AP Source: Lakers, Pelicans, agree on Anthony Davis trade
The New Orleans Pelicans have agreed to trade the disgruntled Davis to the Lakers for point guard Lonzo Ball, forward Brandon Ingram, shooting guard Josh Hart and three first-round draft choices, several people familiar with the situation said Saturday.
The people spoke to The Associated Press on condition of anonymity because the trade cannot become official until the new league year begins July 6. ESPN first reported the trade.
The deal ends a nearly five-month saga that became an awkward NBA sideshow, arguably derailed the Lakers' push to make the playoffs and even cost people jobs after Davis requested a trade in late January through his agent, Rich Paul, who also represents James.
Now the 26-year-old Davis, a six-time All-Star, will bring his dynamic, up-tempo, above-the-rim play to Hollywood alongside the 34-year-old James, a three-time NBA champion and Finals regular.
In return, the Pelicans receive the promise of a young core the Lakers are blowing up in order to make the deal, as well as the opportunity to add more; New Orleans already had the first pick overall in Thursday's draft and will have the Lakers' fourth overall choice, giving new basketball operations chief David Griffin the chance to add another top-tier prospect to his presumed first pick of Duke star Zion Williamson.
It remains to be seen, however, how well Ingram will recover from a blood clot that sidelined him for part of last season. He was diagnosed with deep vein thrombosis in March.
The Lakers and Pelicans missed the playoffs last season and Davis' trade demand caused a palpable degree of acrimony between the clubs as the Lakers publicly pursued a deal and the Pelicans asked the NBA to look into the possibility of a tampering violation.
After the trade deadline passed with no deal, Davis finished out the season as a lame-duck All-Star who at times heard boos and insults during home games and the Pelicans fired then-general manager Dell Demps. Several Lakers players acknowledged they had been shaken by thoughts of their possibly imminent departure, and resulting losses slid them out of playoff position at midseason.
Getting the deal done became a near-imperative for general manager Rob Pelinka and owner Jeanie Buss after the Lakers' latest round of front-office drama. On the final day of their franchise-record sixth straight non-playoff season, president of basketball operations Magic Johnson abruptly quit his job and criticized Pelinka for talking behind his back.
Johnson couldn't resist another backhanded shot at Pelinka on Saturday with a telling series of tweets that began: "Great job by Owner Jeanie Buss bringing Anthony Davis to the Lakers!"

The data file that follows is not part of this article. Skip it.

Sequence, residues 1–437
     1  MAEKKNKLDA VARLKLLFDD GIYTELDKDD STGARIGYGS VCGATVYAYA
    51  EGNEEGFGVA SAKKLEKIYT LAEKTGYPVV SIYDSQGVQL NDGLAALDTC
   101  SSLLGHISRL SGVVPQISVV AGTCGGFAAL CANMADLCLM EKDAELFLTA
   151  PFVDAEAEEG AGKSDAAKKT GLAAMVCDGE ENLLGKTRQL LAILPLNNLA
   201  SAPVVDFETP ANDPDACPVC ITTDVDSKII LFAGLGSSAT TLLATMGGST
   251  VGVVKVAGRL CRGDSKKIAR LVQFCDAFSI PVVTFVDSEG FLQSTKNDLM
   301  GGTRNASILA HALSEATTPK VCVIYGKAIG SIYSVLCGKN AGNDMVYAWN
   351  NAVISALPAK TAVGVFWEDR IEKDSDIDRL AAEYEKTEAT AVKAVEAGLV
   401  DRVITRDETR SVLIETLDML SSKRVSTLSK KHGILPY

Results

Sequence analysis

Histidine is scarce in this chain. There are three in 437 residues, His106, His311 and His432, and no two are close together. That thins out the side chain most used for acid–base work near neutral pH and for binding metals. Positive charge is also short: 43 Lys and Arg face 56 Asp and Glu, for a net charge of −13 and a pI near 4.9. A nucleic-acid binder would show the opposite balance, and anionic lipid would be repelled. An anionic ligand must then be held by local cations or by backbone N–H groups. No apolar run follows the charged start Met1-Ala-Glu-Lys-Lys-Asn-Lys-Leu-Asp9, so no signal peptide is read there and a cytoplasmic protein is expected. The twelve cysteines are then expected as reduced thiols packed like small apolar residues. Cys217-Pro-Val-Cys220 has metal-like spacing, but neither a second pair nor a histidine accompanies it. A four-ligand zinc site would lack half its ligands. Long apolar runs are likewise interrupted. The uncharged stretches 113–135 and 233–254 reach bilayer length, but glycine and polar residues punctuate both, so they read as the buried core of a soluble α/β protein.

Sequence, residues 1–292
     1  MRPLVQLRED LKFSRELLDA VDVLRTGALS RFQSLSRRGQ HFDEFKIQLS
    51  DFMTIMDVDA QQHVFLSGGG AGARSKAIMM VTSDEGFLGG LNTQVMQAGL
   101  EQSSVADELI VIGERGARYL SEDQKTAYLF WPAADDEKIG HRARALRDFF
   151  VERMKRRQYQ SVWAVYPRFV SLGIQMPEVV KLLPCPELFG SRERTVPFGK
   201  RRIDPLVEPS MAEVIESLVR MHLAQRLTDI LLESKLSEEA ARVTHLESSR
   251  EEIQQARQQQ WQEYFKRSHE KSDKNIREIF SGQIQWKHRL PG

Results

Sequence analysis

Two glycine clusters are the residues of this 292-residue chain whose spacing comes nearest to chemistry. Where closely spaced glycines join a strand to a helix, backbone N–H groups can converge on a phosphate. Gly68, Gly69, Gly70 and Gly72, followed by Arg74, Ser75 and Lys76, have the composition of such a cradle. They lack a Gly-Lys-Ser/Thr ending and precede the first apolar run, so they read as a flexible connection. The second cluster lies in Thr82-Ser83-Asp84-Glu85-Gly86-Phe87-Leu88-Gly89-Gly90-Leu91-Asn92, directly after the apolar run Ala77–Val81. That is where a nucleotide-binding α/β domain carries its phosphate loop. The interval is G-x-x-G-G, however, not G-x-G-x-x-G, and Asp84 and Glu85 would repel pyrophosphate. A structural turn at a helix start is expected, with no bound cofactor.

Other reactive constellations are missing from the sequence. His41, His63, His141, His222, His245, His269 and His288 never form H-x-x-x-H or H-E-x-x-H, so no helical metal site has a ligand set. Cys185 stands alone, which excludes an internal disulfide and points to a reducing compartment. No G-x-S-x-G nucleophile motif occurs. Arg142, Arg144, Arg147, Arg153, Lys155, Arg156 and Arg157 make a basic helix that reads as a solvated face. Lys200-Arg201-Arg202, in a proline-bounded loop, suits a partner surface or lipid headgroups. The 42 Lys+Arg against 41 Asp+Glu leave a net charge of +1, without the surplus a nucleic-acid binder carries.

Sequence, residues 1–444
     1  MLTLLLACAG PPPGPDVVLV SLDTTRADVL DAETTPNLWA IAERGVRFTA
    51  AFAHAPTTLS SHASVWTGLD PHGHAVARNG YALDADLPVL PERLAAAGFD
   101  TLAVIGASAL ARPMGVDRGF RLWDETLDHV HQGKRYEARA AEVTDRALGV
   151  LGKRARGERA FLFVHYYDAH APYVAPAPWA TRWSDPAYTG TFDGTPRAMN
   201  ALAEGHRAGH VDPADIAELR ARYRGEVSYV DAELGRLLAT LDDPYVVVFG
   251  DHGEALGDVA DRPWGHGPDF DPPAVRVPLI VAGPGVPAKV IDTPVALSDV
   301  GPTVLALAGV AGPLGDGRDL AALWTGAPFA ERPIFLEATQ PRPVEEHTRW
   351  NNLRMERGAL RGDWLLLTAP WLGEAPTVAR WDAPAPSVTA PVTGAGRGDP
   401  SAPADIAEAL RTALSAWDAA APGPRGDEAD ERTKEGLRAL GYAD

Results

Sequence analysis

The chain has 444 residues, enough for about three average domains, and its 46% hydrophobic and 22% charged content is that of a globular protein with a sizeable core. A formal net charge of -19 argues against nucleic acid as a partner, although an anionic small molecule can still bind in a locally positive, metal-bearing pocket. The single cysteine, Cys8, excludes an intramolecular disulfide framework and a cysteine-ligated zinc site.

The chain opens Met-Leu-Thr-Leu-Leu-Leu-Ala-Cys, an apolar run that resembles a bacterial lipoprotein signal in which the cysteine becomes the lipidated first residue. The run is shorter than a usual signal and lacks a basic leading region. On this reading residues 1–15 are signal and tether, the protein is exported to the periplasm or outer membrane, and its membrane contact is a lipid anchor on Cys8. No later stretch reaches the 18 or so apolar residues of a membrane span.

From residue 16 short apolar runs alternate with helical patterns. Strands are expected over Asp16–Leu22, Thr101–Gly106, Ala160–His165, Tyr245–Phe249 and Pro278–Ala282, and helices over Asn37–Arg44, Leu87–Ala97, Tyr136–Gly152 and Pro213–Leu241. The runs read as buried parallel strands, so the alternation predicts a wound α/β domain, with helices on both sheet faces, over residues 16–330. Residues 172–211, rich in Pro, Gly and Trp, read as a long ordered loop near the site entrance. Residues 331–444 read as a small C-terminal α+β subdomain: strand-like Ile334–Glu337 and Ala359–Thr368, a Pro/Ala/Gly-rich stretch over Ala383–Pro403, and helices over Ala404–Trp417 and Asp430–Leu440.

With the Pelicans' front office now run by Griffin, whose relationship with James dates to the championship they won together in Cleveland in 2016, relations between the two franchises warmed enough to complete a trade that will ripple throughout the NBA. It will affect the offseason plans of a number of other teams — namely, the Boston Celtics, who actively sought to acquire Davis and had an arsenal of young talent and draft picks to potentially include in a deal.
Davis is a dynamic 6-foot-10 forward who also plays center, shoots with range, runs the floor, blocks shots and can handle the ball. He has averaged 23.7 points, 10.5 rebounds and 2.4 blocks during his career. But in seven seasons in New Orleans, his Pelicans teams made the playoffs just twice and won one series against Portland two seasons ago.
The Lakers might not be done shopping for big names, either.
Kyrie Irving, Kemba Walker, Jimmy Butler and Southern California native Kawhi Leonard are among free agents who could be pursued by the Lakers, who've made no secret of their plan to build a super team through free agency.
Davis has just one year remaining on his contract before he becomes eligible for free agency, but that was less of an issue for the Lakers than any other trade partner, given Davis' and James' shared representation.
The trade also helps launch a new era for the Pelicans under Griffin as New Orleans bids adieu to the "Unibrow" and welcomes young talent the Lakers had patiently assembled with a series of high first-round picks and later choices that brought high value.
The Pelicans' biggest prize in the deal should be Ingram, if healthy.
The 21-year-old, 2016 No. 2 overall pick showed signs of becoming an elite scorer alongside James, and he is expected to recover fully from his blood clot problem and the resulting procedures.
The deal ends a tumultuous tenure with the Lakers for Ball, whose dream of playing for his hometown team lasted just two years.
The 2017 No. 2 pick from UCLA grew up considerably with the Lakers while breaking free from the influence of his famous father. He exhibited effective playmaking skills and strong defense for the Lakers when healthy. However, he struggled to score and appeared in just 99 of 164 games over his two seasons due to numerous injuries.
Hart played two solid seasons as a member of the Lakers' rotation, averaging 7.9 points and 3.9 rebounds after arriving from Villanova.